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How India’s Healthcare System Treated Women During Pandemic

In one critical segment of healthcare—population services—India failed women almost completely.
How India’s Healthcare System Treated Women During Pandemic

Representational image. | Image Courtesy: pri.org

The fate of 30-year old Neelam, who died in the eight month of pregnancy because of lack of proper medical facilities sums up the fate of a large number of women during the COVID-19 pandemic. Despite being in her final trimester and unwell, she failed to get admitted in even one of eight hospitals whose doors her family knocked at in NOIDA, Uttar Pradesh.

Her husband and brother took the unwell woman to eight hospitals in one day but were refused admission, allegedly on grounds that each of them was already overburdened with patients.

Failure to get admitted resulted in her death, her family has alleged. Neelam is no exception. This is the situation across the country. In Jammu and Kashmir as well, several pregnant women have died due to lack of medical facilities. Two pregnant women, one of them COVID-19 positive, died in Anantnag district in the past two months after the hospitals there refused to admit them.

It is obvious that women’s lack of access to health services and other forms of discrimination have become more severe due to the frequent lockdowns and restrictions imposed on the health services.

Poonam Muttreja, executive director, Population Foundation of India (PFI), points out that post COVID-19, population services have practically disappeared. “Indian women have been let down by doctors working in both the public and the private sector,” says Muttreja.

We expect to see 20 million babies born from January 2021 which is nine months after the announcement of the lockdown from this March, because 25 million couples in India did not have access to contraception. Another 1.85 million women have been denied access to abortion post the lockdown. Even worse, there has been a 40% decline in institutional deliveries,” Muttreja says.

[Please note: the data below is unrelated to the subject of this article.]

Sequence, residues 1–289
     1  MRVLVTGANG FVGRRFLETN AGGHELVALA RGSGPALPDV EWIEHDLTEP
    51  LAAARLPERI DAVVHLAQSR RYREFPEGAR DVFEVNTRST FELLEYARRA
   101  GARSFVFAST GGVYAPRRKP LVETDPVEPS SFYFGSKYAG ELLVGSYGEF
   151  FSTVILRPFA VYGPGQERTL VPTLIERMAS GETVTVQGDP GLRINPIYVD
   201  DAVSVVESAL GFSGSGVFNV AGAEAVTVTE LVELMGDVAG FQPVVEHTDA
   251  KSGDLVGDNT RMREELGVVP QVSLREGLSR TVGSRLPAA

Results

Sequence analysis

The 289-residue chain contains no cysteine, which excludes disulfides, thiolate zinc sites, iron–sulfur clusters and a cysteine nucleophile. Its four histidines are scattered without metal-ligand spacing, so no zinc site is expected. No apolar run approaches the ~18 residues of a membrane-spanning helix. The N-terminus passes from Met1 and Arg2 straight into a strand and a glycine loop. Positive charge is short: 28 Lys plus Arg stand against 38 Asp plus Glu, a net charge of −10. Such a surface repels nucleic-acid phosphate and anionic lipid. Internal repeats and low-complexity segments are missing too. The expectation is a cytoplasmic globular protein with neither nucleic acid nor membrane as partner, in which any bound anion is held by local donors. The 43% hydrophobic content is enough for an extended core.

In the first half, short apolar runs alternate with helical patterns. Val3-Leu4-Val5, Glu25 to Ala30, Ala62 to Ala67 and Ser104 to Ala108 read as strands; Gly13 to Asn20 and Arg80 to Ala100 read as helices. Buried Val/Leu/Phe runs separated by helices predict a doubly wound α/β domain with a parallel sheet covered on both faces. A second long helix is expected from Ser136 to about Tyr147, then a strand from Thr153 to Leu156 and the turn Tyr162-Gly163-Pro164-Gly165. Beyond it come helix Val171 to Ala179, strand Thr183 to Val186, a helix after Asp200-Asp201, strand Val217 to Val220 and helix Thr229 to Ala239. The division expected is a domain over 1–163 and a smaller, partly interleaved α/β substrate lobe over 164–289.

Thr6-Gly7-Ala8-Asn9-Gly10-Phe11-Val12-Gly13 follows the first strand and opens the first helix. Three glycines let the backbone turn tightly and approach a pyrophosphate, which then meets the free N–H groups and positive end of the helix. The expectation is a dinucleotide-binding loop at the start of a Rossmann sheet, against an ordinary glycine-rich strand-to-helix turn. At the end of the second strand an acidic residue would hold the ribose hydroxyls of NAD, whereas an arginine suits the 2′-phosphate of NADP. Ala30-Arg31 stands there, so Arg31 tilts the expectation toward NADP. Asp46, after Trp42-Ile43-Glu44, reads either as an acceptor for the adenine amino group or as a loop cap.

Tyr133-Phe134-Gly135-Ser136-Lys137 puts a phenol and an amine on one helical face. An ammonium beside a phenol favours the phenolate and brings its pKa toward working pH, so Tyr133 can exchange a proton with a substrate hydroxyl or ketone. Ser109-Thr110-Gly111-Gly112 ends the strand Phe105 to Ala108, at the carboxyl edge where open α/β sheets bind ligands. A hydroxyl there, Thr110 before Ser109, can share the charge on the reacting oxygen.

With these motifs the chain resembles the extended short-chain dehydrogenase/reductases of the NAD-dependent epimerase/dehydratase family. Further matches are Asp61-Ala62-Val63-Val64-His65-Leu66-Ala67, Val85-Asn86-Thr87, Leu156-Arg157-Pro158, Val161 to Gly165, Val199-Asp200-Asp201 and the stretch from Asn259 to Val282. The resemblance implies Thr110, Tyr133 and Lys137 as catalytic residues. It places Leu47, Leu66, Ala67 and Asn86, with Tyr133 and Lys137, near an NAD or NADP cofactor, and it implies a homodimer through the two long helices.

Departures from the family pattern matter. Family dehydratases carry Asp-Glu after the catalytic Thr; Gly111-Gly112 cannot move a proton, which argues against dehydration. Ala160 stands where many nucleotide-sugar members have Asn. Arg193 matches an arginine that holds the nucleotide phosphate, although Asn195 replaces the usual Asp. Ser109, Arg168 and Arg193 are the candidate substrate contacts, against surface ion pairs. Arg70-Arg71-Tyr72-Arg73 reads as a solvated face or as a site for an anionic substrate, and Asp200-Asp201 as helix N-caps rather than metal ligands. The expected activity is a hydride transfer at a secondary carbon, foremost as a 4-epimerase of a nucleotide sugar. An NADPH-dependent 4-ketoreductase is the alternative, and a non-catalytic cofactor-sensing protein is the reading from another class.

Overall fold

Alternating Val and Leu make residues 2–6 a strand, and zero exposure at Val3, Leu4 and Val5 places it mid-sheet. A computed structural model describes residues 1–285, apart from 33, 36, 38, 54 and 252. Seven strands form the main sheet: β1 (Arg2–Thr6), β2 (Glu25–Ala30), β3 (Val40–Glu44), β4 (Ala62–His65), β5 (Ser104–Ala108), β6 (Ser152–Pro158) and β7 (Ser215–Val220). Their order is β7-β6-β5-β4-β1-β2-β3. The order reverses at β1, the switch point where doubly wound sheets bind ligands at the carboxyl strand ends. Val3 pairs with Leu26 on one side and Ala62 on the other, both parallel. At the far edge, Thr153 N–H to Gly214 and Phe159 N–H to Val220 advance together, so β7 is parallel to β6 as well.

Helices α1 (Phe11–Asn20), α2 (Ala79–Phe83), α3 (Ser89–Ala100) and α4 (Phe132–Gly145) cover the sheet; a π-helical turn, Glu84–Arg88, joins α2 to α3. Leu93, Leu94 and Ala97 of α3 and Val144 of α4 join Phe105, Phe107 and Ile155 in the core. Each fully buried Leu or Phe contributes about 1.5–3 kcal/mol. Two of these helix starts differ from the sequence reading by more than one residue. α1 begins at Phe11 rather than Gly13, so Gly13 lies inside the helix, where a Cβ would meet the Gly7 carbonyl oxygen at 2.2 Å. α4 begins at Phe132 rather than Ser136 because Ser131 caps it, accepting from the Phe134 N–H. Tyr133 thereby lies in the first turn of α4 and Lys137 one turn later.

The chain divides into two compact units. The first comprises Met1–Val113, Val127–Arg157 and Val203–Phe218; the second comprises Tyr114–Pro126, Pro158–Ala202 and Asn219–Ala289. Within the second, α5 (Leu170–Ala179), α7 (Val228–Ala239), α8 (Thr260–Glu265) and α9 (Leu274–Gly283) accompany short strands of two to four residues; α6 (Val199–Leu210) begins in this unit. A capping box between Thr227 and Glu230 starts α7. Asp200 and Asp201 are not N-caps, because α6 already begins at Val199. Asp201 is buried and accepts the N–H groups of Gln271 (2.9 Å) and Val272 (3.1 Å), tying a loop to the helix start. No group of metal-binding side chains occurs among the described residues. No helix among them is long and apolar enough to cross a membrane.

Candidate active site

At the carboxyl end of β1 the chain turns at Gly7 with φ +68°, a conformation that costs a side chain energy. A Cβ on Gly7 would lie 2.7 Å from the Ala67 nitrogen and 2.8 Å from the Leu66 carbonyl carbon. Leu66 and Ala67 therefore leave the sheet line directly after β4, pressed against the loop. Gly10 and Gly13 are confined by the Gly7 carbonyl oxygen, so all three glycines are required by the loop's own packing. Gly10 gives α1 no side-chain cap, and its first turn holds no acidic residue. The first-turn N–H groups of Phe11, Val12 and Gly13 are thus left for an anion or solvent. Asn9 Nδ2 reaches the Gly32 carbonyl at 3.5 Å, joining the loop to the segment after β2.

She believes it was a grave mistake on the part of the government to have closed essential family planning services. Of course, the government defends itself with claims that health services and health workers have been so overwhelmed with controlling the pandemic that this was a necessary step, but they have failed to consider the repercussions in this crucial sector.

PFI has compared available data for right now with last year’s figures of the Ministry of Health and Family Planning to arrive at its conclusions. However, when the government realised that their data was showing a lack of access to sterilisation, contraception, and abortion facilities, they immediately took the data off from the ministry website, Muttreja points out.

The government may have taken data off their website but the Health Management Information System (HMIS), a portal that provides crucial information on health indicators has still provided a breakdown on the extent to how badly reproductive health has been hit in the past six months.

The HMIS points out that the number of first doses for injectable contraception fell by 36% from 66,112 in December 2019 to 42,639 in March soon after the COVID-19 outbreak.